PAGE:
There are a number of macroeconomic theories and models which focus on the role of interest rate and exchange rate channels on the impact of monetary policy actions on the real economy. However, credit markets are another channel which plays a very important role in this regard. The credit channel theory of monetary policy emphasizes the critical role of financial assets and liabilities. Rather than categorizing all nonmonetary financial assets as bonds, this theory proposes a demarcation between different nonmoney assets, as well as the varying characteristics of borrowers making some more vulnerable to credit market fluctuations than others. The credit view also discusses agency costs derived for example from imperfect information, which may lead to differences in costs of internal and external finance and hence, may affect investment (Bernanke & Gertler, 1995).
To understand the credit channel, one must understand that there exists a bank lending channel and the financial-accelerator mechanism, the latter having a broader scope. The bank lending channel stresses on the important function that banks serve in the economy’s financial framework, their contribution in transmitting the monetary policy into the real economy and the special role of bank credit. Monetary policy actions which have an impact on the banks’ reserves will consequently cause interest rate changes as well as adjustments in the asset and liability side of the balance sheet of the banking sector. Adjustments to the liability side will reflect the effects on bank deposits and the supply of money while adjustments to the asset side will be caused by effects on banks’ reserves and interest rates (Walsh, 2003).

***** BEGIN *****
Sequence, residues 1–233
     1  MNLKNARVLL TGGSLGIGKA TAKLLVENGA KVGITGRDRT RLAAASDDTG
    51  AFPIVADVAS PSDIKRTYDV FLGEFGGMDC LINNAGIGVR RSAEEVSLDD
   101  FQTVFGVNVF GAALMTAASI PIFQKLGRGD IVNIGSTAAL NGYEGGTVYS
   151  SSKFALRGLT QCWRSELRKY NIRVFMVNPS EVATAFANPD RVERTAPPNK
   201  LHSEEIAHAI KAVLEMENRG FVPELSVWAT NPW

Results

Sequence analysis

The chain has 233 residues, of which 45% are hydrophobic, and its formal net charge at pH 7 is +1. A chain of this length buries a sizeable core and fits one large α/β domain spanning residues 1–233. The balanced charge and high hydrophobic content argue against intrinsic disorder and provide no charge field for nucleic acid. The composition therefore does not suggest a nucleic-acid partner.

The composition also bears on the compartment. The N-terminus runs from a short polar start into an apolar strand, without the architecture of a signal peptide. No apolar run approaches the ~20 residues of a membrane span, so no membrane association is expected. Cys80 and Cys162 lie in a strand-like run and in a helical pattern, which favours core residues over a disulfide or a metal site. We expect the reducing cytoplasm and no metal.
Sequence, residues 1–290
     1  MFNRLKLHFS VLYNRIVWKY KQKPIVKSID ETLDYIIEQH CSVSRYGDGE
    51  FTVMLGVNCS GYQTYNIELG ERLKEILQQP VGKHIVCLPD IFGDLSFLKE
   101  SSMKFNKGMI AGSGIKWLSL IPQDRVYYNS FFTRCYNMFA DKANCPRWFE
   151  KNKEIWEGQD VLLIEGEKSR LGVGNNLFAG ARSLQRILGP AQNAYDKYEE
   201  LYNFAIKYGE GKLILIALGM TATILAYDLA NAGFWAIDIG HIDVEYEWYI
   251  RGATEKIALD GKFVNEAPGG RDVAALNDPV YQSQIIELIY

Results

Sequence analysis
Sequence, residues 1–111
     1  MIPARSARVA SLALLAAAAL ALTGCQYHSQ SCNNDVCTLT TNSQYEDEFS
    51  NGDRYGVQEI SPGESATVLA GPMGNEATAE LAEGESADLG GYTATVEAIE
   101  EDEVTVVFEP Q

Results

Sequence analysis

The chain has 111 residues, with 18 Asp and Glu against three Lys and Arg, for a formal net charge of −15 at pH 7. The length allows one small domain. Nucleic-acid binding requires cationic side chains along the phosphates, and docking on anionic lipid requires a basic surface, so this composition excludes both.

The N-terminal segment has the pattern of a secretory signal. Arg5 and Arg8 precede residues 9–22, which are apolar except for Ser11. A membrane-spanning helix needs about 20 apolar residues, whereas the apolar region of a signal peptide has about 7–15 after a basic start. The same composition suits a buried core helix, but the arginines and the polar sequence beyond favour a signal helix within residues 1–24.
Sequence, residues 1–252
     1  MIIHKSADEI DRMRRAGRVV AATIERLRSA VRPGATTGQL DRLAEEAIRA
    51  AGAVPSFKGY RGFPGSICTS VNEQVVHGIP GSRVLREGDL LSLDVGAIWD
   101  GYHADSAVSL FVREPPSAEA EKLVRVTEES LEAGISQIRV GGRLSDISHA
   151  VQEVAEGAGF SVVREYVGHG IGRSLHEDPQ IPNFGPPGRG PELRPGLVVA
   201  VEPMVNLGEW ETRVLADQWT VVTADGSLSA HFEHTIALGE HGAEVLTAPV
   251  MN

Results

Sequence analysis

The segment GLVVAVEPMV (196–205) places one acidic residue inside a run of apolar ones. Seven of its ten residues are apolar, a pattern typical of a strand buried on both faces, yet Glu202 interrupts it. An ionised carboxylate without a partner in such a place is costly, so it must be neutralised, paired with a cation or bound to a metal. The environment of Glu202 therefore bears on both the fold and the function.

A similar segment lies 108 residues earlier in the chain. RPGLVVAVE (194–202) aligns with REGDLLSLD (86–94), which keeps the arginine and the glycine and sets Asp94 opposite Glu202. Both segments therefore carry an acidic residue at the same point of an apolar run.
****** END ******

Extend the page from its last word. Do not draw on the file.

Aside from the bank lending channel, credit market imperfections encompass all credit markets as they affect financial transactions and contracts and at times, create a distinct difference between the costs of internal and external finance. This difference is causes by the agency costs which arise due to imperfect information, which will be covered below in detail, as well as the general failure of lenders to keep a close check on borrowers at low cost. Hence, financing costs and availability is largely affected by cash flow and net worth. If a recession occurs in the economy, the firm’s internal finance situation may be harmed and this would lead to a financial accelerator effect, due to which the firm would have no choice but to turn to external funds which would cost a lot more, especially now that with the decline in availability of internal finance. Hence, the monetary contraction policy which was implemented will be further amplified by the credit channel because the firm’s cash flow and profits would decline, and the external finance premium would rise (Walsh, 2003).
Another way in which the credit channel works to transmit the monetary policy to the real economy is when changes in the policy lead to increase or decrease in the efficiency of financial markets or alter how much rationing (which in the context of credit markets is defined as occurring when among a group of firms or individuals who appear to have the same characteristics, only some get loans while the remaining do not) borrowers face. However, credit rationing is not a mandatory condition for a credit channel. A monetary policy contraction will lead to a hike in interest rates, a slower economy, and will consequently lead to decline in firms’ balance sheets. This will in turn lead to higher agency costs and decrease the efficiency of credit allocation (Walsh, 2003).